Michigan fruit growers are not giving up on azinphos-methyl (AZM, Guthion).
Even as the Environmental Protection Agency’s phase-out schedule continues unabated, further decreasing permitted uses this year and ending all uses of the insecticide in September of this year, Michigan growers continue to meet with EPA officials and with their members of Congress in Washington.
Michigan Farm Bureau is a key force organizing growers, with other organizations joining in. They were in Washington, D.C., the first week of March and again on March 22. The mix included growers, organization leaders, and tree fruit entomologists from Michigan State University.
Among those in Washingon March 22 were Kurt Weber, president of Michigan Peach Sponsors, Allyn Anthony from the Michigan State Horticulture Society, Dawn Drake with the Michigan Processing Apple Growers, and MSU entomologists Larry Gut, Mark Whalon, and Rufus Isaacs. Gut speaks for apples, Whalon for tart cherries, and Isaacs for blueberries.
None of the three entomologists have confidence growers can adequately control key insects in these three crops without AZM.
“We expect a final answer in July,” Weber said. “We have had an on-going dialogue with EPA, and we keep meeting with officials there.”
The first week of March, Michigan farmers Ben LaCross and Rodney Winkel went to Washington with a Farm Bureau contingent. They are growers of apples, sweet and tart cherries, peaches, blueberries, and other fruits and vegetables.
"White worms in red cherries don't mix," said LaCross, from Leelanau Country, in the heart of tart cherry country. "If we lose AZM and the processor finds one worm in my load of cherries, I lose everything—not just a little off the top, but the entire load—maybe an entire orchard.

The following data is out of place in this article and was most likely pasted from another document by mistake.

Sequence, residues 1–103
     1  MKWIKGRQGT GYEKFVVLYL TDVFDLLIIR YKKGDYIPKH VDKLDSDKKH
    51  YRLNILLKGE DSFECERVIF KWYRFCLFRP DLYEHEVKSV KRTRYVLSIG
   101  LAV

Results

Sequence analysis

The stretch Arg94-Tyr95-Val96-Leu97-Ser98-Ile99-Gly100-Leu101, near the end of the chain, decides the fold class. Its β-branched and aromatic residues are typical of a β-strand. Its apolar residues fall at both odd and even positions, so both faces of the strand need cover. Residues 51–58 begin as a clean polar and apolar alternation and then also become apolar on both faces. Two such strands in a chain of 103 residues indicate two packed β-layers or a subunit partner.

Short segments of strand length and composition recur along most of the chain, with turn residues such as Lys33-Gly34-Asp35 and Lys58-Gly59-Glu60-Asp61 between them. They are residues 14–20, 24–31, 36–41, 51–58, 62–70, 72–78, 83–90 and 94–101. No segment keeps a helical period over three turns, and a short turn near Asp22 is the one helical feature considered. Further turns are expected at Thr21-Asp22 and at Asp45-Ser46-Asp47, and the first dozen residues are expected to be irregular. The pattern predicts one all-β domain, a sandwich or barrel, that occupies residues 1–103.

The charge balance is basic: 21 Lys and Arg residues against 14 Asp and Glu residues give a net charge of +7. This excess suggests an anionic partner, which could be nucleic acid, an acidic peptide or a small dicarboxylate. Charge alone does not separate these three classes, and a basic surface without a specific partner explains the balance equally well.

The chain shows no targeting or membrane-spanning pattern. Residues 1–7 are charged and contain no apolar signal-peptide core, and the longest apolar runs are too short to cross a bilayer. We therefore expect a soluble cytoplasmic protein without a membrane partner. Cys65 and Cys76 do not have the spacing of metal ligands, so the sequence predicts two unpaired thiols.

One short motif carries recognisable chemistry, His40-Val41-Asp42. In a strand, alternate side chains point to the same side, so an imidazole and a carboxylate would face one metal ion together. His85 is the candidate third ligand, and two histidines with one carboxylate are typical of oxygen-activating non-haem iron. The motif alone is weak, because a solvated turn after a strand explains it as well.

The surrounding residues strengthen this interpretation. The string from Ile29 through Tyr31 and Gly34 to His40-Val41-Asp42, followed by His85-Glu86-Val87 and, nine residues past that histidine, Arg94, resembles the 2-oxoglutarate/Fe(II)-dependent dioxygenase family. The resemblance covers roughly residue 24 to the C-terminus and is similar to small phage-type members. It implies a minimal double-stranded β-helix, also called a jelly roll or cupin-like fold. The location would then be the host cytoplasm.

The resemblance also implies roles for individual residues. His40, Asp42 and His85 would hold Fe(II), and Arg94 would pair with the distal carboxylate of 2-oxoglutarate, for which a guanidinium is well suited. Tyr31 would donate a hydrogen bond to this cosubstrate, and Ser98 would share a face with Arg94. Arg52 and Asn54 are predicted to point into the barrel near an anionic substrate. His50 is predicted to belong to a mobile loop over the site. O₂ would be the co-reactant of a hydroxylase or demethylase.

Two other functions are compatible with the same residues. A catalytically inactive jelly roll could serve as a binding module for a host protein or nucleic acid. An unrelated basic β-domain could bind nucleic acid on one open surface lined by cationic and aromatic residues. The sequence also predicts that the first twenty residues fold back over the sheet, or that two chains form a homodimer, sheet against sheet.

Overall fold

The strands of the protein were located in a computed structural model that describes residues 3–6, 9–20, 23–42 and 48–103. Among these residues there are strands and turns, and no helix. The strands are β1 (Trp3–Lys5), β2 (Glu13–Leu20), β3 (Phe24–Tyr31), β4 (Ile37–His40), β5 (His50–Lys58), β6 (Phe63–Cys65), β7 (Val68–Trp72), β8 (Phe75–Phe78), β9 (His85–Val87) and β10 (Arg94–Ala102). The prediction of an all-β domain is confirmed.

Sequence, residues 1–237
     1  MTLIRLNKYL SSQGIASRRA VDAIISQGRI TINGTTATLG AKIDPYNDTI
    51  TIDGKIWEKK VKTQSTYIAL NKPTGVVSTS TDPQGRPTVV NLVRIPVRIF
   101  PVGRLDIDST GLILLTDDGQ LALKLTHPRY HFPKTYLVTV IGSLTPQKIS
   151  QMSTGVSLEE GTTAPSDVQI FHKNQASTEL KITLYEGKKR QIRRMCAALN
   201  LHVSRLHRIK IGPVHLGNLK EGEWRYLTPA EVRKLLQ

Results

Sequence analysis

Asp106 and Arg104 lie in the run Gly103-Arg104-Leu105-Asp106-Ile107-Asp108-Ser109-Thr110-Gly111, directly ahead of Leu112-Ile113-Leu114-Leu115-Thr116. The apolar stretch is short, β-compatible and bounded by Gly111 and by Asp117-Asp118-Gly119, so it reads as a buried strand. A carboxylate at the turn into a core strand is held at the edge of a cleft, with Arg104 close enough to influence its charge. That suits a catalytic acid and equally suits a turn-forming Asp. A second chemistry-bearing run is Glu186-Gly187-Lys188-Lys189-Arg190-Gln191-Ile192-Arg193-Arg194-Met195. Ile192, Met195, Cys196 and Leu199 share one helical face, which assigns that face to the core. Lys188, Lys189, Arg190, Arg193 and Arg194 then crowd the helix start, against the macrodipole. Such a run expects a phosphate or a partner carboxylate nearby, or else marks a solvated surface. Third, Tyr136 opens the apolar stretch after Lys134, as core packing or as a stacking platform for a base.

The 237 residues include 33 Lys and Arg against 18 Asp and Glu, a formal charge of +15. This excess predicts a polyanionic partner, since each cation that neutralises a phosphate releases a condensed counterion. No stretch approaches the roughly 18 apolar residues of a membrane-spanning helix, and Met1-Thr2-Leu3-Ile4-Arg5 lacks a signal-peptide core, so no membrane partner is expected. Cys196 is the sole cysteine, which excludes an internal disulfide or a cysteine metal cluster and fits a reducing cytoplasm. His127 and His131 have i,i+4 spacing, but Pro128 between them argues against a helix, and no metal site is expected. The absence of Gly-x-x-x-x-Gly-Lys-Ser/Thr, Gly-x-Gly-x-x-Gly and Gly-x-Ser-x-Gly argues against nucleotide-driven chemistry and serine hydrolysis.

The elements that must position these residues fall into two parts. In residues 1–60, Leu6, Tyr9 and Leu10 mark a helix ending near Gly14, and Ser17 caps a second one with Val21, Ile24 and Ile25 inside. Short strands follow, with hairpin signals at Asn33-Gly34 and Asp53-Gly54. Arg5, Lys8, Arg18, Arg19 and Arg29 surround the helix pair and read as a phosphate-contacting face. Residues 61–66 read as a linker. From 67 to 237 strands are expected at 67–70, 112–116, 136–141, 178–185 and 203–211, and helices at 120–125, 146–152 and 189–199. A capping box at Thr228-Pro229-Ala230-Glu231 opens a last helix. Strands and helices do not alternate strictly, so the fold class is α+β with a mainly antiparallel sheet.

"AZM is a spray we use just once a year, but losing it will have a major impact on Michigan's cherry industry."
"Losing AZM creates a public-relations nightmare for both EPA and the farmer," said Winkel, from Grandview Orchards in Berrien County. "We would have to go from spraying an orchard one day with AZM to spraying it five days in a row to combat all the different pests with alternative products."
Under the current phase-out plan, 2012 is the last year farmers can use AZM. Use of AZM has been restricted by decreasing application rates for the past several years. Equivalent protection with alternative products works for some but not all fruit crops, and dramatically changes application times, quantities, and costs.
The entomologists also argue that while other insecticides are “reduced risk” for orchard workers, they are not reduced risk for beneficial mites and insects and do not have a lower environmental impact.
Implementing a host of new pesticides in AZM's place could hamper international trade as well, impacting some of the strongest overseas markets for Michigan fruit growers.
"AZM must remain in the tool box of fruit growers until more viable alternatives are established," said Ryan Findlay, national legislative counsel for the Michigan Farm Bureau (MFB).
"We were very pleased with EPA's willingness to have a frank discussion with us about the importance of AZM to Michigan's fruit growers," said Ken Nye, Michigan Farm Bureau’s fruit and horticulture specialist. "We're looking forward to continuing this dialogue soon."